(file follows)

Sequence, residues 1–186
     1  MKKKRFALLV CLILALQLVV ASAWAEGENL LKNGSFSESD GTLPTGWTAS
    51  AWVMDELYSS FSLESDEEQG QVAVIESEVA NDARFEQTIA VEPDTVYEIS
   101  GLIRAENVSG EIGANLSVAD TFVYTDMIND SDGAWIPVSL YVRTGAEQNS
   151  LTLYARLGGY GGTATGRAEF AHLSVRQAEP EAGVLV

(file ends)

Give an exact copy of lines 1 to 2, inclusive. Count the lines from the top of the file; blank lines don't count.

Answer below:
Sequence, residues 1–186
     1  MKKKRFALLV CLILALQLVV ASAWAEGENL LKNGSFSESD GTLPTGWTAS